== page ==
The definition of romance has come up again around the blogosphere, due in part to publishers
defrauding readers adding Romance to spine labels in order to get good real estate and attract the multitudes of romance readers. I am, first and foremost, a life-long romance reader, so here are my two cents:
If it doesn’t end with happily ever after, it’s not a romance.
Boy meets girl. Conflict ensues. Boy and girl almost get it right. Conflict heightens. Boy and girl get it right. Happily ever after.
That’s not to say I need an epilogue showing their wedding or showing them one year married and welcoming their new baby into the world. But there had better be something that lets me believe they’re in it for the long haul.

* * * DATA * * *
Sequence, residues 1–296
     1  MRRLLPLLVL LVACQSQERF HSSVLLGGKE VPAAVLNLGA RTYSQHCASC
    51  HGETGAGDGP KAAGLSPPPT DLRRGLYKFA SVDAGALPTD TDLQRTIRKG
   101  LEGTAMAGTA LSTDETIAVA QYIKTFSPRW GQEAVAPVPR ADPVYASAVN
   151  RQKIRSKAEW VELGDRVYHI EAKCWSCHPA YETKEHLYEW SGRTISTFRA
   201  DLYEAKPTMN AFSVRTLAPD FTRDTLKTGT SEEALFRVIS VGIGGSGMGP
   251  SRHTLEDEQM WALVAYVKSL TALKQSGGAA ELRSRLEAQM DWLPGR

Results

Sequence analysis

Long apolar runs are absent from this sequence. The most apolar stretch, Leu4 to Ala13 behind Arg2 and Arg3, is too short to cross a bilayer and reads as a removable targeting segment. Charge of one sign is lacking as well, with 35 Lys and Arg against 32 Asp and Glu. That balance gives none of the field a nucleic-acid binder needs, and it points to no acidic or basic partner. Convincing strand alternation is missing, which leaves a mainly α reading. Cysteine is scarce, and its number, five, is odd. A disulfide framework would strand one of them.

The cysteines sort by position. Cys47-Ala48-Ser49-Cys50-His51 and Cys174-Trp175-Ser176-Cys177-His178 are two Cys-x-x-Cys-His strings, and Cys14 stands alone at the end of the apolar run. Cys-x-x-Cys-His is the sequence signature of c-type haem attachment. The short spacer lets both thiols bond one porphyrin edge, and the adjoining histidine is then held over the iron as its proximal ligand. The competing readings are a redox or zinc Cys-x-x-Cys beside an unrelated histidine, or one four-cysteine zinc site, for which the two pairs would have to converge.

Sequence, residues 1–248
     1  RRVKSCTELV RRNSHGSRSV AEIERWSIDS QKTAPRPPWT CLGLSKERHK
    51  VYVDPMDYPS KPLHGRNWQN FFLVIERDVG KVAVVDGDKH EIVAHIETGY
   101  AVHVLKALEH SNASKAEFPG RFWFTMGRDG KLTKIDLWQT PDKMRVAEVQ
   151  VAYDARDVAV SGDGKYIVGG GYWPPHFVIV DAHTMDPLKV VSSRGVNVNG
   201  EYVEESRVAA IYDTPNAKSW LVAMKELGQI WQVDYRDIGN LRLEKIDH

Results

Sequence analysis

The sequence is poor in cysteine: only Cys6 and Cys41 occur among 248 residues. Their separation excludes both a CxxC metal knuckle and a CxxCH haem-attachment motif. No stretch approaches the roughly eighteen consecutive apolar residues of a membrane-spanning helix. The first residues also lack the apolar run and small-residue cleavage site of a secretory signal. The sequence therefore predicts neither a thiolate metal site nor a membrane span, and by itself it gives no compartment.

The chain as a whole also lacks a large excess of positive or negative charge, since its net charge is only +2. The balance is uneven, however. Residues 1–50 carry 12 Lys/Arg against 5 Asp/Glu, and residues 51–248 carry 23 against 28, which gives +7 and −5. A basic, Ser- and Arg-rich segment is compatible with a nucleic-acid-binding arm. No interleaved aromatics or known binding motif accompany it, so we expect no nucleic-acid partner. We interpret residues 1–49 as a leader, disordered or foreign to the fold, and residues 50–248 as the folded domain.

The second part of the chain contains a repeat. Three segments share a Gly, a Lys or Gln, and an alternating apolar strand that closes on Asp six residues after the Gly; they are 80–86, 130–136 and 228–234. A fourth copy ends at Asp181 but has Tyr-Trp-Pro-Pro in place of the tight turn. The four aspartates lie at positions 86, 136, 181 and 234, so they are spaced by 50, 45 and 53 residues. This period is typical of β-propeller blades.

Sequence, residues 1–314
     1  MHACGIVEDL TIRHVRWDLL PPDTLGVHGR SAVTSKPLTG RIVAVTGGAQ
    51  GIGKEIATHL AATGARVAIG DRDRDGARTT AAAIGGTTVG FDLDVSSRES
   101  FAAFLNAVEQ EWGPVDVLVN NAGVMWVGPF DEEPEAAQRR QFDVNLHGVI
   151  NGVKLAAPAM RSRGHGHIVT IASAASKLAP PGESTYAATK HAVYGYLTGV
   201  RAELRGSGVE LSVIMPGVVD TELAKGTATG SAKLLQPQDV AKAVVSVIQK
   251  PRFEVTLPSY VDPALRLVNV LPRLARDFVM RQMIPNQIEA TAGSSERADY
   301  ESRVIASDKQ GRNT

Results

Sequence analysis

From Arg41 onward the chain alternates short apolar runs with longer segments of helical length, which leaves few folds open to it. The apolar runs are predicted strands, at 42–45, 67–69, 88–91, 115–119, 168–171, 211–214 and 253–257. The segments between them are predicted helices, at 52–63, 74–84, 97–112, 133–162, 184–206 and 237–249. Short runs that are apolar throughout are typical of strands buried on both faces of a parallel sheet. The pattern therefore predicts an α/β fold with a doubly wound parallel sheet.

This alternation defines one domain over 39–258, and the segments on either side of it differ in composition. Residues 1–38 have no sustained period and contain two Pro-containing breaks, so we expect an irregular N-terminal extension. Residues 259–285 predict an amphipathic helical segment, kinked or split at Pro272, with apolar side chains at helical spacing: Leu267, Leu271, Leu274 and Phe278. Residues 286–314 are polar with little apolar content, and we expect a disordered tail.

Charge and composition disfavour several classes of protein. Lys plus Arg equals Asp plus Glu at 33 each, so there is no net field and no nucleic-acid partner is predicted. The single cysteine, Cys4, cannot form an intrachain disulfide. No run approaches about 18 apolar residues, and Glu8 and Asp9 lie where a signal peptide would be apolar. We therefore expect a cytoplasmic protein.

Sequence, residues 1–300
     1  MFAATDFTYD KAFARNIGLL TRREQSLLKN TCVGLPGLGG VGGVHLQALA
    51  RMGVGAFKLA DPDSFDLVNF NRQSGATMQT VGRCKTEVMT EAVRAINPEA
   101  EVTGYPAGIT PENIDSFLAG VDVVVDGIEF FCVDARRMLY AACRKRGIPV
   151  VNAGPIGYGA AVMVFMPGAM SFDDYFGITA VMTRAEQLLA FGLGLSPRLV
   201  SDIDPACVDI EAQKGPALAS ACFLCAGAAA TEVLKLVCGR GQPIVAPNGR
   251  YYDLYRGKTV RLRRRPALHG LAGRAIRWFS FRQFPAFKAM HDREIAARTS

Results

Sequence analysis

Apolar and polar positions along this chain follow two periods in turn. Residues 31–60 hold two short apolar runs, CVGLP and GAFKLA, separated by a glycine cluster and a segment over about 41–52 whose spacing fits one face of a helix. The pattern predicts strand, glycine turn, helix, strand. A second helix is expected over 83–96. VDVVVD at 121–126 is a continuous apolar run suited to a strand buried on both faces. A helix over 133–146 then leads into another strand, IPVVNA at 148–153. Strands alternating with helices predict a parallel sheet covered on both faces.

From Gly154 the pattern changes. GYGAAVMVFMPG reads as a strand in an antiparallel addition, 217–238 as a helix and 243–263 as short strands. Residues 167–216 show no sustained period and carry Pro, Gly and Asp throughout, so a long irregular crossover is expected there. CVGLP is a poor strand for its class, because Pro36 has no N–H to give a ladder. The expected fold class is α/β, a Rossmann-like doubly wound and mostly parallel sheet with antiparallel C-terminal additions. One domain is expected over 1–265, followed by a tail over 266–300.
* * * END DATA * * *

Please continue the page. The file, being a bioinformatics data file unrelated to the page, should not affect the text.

Whether a book is a paranormal romance or a futuristic romance or a historical romance or an erotic romance, that “spine” had better remain the same. If the hero dies in the end, or if the boy and girl part ways but the girl has “found herself”, I’m going to be pissed. I’ll read a paranormal novel or women’s fiction and love it. I’ll read a novel with romantic elements and enjoy it. But if it says “Romance”, then it had better be one or I’ll be pretty damn pissed.
It’s a matter of trust. I trust Silhouette Special Edition, for example, to give me my happily ever after. I didn’t trust Bombshell. Clearly I wasn’t alone. I don’t trust Aphrodisia. I don’t trust Spice. I don’t trust a lot of the paranormal romances right now.
It makes me tight with my money. And aren’t there commerce laws to protect consumers from knowingly and willingly being sold a product that’s not what it’s advertised as? I guess not or publishers/editors wouldn’t be so freely admitting they’re doing it.
Anyway, to me: Romance = HEA. No exceptions.